Tuesday, April 12, 2016

City Location Codes (CLCs)

Mammals, particularly carnivores like tigers, have evolved rather simple ways of marking trees to show that they form part of the boundary of their territory. Forget any imagery you associate with that statement! We will go on to discuss more civilized forms of marking up places in a city or town for vehicles ordered through apps to meet you!

The problem I discuss here may be relatively more significant to people like me living in a fast-growing, crowded city using multiple languages.  GPS, I find is not enough to guide a cab driver trying to find me in a crowded area. I am one of 300 people he finds in a place where his GPS says I am. If I make the mistake standing at an intersection of two roads, he does not know which one of the four corners I am in. On a straight road, it is difficult to convey on which side of the road I am waiting. I don’t know from which direction he is coming towards me. He calls me on the phone sometimes, but we do not always find a common language. Even if that is no problem, I am often unable to describe where I stand. Street names are kept a state secret here! In any case, there are so many streets, and so many streets with popular names different from official names, nobody seems to use street names anymore. Landmarks are fine, but they are usually not where I stand!
I would like to suggest a solution, not entirely original. Cities like Singapore have numbers painted at prominent places where cabs pick up passengers. I will suggest that we use a code of the form BL 959,574. If you are a resident of Bangalore and you are using an app, “BL” could be pre-filled. If you insist, we can add a country code and say INBL instead of BL, to make it clear we refer to Bangalore, India. Suppose you are at a cab pickup place displaying a prominent dark green colored sign board, with BL 959,574 painted on it in white. All you need to do is to enter BL 959,574 into the app to say where you are. The cab driver can locate you very easily. Incidentally, in this code BL 959,574 stands for Tipu Sultan’s Palace in Bangalore.

The proposal is that a two-letter code should identify a city; I would suspect about 300 cities/towns could find easily a two-letter code each that identifies them uniquely. For smaller towns, I would suggest three letter codes.

How do you assign a numeric code? Take the latitude and longitude of a given location, each written as a decimal number rounded off to three significant places after the decimal point. Leave out the integer part. For instance, Tipu Sultan’s palace is at a place close to the point (12.959 N, 77.574 E). For our purpose, we simplify this as (959, 574) and write it as BL 959,574. Small errors do not matter as long the sign saying BL 959,574 is close enough to the place indicated and is very visible to people looking for it. If your city fits in a 100 KM x 100 KM square, this system is enough to give you unique codes for locations in the city. Any shopkeeper could mention such a code in advertisements to say where the shop is. You can give a code to your visitor to say where your home is. However, I hope that the pickup points with display signs would be regulated so that it is at a place suitable for at least 30 people to wait, protected from rain/sun, with space on the street for five vehicles to stand at a time.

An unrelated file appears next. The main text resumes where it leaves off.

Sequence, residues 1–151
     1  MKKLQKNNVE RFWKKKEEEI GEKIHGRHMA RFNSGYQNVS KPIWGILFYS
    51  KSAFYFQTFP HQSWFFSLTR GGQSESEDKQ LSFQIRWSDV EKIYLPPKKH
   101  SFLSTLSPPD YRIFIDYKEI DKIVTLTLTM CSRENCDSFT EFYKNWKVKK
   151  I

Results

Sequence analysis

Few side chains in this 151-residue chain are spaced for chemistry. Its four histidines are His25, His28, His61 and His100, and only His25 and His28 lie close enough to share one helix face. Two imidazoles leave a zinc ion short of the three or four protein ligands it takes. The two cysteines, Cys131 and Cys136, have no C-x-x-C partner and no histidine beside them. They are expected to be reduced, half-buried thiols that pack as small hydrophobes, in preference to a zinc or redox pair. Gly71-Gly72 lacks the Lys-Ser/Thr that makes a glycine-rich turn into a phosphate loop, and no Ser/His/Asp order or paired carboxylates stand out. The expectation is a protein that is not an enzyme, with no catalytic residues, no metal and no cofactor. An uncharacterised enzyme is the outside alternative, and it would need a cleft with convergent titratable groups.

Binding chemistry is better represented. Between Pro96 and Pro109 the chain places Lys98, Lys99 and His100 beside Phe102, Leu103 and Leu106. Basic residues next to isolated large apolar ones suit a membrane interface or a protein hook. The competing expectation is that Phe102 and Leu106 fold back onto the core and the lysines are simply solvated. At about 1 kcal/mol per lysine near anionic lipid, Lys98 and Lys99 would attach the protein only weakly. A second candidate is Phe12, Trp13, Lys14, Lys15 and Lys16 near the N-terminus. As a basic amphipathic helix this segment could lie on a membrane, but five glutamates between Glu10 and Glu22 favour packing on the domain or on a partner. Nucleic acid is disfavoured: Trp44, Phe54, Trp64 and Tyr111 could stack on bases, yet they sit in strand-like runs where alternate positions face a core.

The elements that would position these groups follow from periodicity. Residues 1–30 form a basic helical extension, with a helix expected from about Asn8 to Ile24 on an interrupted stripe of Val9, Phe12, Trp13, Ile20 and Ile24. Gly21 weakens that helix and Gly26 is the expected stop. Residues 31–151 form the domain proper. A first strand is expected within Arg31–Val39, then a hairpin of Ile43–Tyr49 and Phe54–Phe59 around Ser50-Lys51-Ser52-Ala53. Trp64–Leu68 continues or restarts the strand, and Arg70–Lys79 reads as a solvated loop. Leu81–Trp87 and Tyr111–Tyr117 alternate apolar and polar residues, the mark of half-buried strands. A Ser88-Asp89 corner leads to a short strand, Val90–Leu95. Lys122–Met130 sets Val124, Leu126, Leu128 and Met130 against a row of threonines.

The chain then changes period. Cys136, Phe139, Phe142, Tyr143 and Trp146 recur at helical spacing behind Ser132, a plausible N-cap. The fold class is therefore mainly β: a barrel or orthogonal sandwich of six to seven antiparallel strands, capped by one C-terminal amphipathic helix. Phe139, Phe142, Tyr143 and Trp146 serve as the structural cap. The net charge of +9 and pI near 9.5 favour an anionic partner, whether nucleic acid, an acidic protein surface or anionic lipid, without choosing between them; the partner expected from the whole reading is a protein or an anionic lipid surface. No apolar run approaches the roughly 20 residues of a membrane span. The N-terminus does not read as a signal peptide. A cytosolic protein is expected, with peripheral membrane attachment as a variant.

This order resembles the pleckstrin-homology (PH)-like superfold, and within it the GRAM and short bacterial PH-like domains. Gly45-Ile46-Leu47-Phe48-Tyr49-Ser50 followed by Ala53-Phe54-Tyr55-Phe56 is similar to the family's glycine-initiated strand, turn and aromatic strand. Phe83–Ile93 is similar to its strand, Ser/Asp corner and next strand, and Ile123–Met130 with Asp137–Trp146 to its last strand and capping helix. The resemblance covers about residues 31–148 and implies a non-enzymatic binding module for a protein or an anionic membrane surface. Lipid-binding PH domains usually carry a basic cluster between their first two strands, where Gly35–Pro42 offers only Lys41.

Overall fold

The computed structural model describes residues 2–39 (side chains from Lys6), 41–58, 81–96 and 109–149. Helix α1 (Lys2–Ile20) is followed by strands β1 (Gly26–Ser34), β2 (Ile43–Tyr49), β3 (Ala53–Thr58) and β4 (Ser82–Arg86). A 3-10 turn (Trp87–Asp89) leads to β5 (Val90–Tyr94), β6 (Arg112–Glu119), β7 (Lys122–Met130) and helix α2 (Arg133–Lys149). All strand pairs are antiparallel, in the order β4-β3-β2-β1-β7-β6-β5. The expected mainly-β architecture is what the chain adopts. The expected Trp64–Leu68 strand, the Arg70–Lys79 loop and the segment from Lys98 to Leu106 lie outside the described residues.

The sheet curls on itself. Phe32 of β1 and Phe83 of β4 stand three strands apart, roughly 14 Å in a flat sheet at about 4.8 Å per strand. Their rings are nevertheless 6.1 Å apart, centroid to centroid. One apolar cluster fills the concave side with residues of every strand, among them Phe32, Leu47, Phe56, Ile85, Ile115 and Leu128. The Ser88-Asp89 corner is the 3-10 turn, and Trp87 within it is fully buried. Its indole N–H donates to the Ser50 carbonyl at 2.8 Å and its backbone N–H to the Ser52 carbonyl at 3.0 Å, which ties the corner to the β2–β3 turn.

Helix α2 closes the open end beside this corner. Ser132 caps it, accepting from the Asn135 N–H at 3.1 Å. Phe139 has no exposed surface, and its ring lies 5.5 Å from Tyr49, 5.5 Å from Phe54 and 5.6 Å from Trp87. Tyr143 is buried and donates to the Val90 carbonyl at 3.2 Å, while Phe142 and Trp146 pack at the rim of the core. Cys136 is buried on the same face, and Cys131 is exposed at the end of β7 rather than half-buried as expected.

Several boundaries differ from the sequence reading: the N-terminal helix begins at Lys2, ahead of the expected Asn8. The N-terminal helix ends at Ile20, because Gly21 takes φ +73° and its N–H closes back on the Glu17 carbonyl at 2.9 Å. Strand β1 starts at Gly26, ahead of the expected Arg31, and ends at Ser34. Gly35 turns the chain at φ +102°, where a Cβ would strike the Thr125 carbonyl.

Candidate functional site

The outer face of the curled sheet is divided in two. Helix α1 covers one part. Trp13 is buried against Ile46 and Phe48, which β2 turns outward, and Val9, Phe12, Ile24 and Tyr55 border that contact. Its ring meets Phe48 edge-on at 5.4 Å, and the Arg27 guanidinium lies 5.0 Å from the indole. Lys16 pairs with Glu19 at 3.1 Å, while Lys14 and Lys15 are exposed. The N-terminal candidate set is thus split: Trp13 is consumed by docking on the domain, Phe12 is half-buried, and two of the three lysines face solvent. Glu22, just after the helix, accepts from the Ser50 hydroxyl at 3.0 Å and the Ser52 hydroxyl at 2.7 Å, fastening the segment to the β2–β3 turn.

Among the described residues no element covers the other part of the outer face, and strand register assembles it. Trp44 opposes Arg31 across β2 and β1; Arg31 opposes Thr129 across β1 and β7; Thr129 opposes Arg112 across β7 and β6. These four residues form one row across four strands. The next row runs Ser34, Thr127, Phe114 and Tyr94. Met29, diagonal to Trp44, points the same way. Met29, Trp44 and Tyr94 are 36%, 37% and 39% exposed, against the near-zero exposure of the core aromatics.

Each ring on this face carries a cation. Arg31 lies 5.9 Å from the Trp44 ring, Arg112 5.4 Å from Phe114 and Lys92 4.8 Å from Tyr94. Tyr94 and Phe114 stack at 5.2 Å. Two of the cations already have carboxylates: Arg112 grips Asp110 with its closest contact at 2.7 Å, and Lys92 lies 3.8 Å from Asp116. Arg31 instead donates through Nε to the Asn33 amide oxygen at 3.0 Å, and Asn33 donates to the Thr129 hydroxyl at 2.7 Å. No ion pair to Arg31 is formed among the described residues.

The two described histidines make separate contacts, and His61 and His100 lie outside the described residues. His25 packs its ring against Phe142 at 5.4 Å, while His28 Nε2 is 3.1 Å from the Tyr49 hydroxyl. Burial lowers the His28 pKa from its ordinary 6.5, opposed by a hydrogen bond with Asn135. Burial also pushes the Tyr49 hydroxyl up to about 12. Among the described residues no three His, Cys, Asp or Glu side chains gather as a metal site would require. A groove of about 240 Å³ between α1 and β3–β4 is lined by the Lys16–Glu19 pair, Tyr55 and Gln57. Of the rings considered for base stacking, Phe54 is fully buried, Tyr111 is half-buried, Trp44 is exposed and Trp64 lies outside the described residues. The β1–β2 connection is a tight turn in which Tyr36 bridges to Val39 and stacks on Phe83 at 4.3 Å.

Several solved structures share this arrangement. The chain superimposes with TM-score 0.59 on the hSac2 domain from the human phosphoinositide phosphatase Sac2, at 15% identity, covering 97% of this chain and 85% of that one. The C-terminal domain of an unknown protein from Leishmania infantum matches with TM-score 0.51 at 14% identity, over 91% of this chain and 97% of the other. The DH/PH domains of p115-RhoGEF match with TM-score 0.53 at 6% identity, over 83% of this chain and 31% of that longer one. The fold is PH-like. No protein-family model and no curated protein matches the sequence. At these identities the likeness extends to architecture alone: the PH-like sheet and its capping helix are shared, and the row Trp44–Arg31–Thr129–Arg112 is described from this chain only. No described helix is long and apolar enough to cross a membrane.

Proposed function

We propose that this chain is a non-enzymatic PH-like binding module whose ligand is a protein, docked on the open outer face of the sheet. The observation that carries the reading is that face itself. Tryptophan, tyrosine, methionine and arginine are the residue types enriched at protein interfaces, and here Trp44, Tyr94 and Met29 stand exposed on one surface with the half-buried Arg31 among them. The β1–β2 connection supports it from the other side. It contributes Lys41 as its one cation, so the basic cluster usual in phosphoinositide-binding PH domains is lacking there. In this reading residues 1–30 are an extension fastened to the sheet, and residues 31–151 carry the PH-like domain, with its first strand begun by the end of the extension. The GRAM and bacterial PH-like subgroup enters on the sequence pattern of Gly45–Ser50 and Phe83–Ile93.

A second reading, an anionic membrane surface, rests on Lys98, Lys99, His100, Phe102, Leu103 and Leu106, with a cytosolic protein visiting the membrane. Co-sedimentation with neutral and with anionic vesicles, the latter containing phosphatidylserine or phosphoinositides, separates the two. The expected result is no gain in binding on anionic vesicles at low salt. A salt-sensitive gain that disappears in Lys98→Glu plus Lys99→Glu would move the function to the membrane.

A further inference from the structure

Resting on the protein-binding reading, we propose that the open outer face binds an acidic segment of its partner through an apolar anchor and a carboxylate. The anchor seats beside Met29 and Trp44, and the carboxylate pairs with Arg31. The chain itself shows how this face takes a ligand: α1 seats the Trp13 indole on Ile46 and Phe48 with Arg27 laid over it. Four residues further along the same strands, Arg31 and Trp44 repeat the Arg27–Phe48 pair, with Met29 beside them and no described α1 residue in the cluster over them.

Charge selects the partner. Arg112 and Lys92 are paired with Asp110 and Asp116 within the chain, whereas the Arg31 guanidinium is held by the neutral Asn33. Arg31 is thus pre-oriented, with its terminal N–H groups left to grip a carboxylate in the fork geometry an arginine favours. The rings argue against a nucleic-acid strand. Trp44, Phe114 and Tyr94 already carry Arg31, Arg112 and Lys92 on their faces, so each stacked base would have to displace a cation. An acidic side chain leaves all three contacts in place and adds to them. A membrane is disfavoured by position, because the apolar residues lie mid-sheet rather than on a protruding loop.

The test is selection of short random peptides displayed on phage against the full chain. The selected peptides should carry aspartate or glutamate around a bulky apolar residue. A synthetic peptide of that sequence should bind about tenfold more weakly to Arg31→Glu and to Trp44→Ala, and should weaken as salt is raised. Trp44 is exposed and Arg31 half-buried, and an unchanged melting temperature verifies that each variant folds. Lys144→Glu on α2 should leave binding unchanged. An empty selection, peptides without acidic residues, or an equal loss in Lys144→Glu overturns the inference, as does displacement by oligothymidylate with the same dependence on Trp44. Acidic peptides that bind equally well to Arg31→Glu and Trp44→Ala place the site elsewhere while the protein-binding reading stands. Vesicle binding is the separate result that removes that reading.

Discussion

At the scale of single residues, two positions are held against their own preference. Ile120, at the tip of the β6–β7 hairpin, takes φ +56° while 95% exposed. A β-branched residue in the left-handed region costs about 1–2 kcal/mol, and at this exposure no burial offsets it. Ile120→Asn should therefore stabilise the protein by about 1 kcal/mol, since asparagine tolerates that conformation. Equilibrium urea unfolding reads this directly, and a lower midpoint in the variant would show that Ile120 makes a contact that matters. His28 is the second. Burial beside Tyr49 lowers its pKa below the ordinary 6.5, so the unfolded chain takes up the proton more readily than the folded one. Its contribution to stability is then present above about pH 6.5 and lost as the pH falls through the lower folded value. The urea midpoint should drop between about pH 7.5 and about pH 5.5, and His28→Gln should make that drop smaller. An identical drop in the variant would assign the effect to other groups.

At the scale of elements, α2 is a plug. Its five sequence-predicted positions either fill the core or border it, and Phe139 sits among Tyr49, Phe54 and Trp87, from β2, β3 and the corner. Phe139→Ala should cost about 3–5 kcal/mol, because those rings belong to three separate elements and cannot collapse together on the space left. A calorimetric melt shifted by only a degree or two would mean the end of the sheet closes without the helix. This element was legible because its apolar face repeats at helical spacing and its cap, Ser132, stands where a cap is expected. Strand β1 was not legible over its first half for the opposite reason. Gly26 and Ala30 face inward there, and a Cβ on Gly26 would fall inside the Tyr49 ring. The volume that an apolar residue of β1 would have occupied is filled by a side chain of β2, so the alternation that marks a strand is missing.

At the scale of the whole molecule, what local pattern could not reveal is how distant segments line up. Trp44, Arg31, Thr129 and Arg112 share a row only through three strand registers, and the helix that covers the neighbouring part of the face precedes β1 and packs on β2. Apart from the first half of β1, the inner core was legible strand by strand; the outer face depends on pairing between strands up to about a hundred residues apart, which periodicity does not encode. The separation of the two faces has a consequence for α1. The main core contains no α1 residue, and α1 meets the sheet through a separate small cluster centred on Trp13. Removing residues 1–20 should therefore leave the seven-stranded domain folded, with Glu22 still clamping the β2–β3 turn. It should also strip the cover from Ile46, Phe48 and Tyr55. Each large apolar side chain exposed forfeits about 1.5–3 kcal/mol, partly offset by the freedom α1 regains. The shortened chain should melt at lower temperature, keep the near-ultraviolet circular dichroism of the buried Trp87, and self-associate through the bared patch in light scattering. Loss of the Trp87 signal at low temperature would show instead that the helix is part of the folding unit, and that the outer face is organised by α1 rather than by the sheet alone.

Search engines such as Google could easily incorporate these codes into their city maps. Users can specify “from” and “to” addresses succinctly and accurately to apps used for ordering cabs. It is worth stating that the proposal primarily aims to make GPS location information easy to use by humans. Google API offers facilities for finding Latitude/Longitude information of a given place. It also supports mapping a point identified by such geocoding information onto a map. Students should experiment with such facilities to implement user-friendly interfaces using CLCs.

There is an interesting idea relevant to those who design apps to use CLCs. Consider CH 202,271. It is easy to find that this is the CLC of Edayanchavadi, Chennai, if you know its GPS coordinates: 13.202 N, 77.271 E. But there are places south of Latitude 13.000 N in Chennai. So, how does an app determine that the given CLC corresponds to Longitude 13.202 N and not to 12.202N? This requires that the app have access to information in some form indicating CH CLCs are to be mapped to the Latitude range 12.845:13.262 and the Longitude range 80.080:80.329. (The latitude and longitude ranges given are only indicative. App implementers should double check these ranges).

A question that may arise in the reader’s mind is this: Do you expect the common man to use a location indicator like 959,574? Yes, after all the common man does use ten-digit mobile phone numbers! The simplest way to get such location indicators is through search engines, audio search engines, contact information stored on phones, etc. Don’t under-estimate the common man! He learns quite a bit, when necessary.

I have another suggestion to simplify urban life. App based transport companies such as Uber and Ola should sell caps of distinct colors for their users to wear. Then drivers would know who is likely to be the customer that called them.  Their vehicles could sport a flag with the chosen color for the users to identify their cab.

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